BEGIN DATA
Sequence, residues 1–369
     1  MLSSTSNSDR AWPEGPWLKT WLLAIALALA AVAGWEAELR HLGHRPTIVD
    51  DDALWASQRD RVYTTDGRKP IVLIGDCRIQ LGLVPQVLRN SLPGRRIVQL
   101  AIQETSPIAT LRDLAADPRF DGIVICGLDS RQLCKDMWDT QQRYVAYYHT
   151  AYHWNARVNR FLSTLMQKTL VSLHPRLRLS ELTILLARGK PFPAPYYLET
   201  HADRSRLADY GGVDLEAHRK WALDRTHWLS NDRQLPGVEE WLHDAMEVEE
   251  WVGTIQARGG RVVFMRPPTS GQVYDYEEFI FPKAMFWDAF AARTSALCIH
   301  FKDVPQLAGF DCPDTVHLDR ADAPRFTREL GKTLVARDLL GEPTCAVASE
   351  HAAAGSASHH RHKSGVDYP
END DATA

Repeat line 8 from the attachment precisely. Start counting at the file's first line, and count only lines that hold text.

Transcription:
   301  FKDVPQLAGF DCPDTVHLDR ADAPRFTREL GKTLVARDLL GEPTCAVASE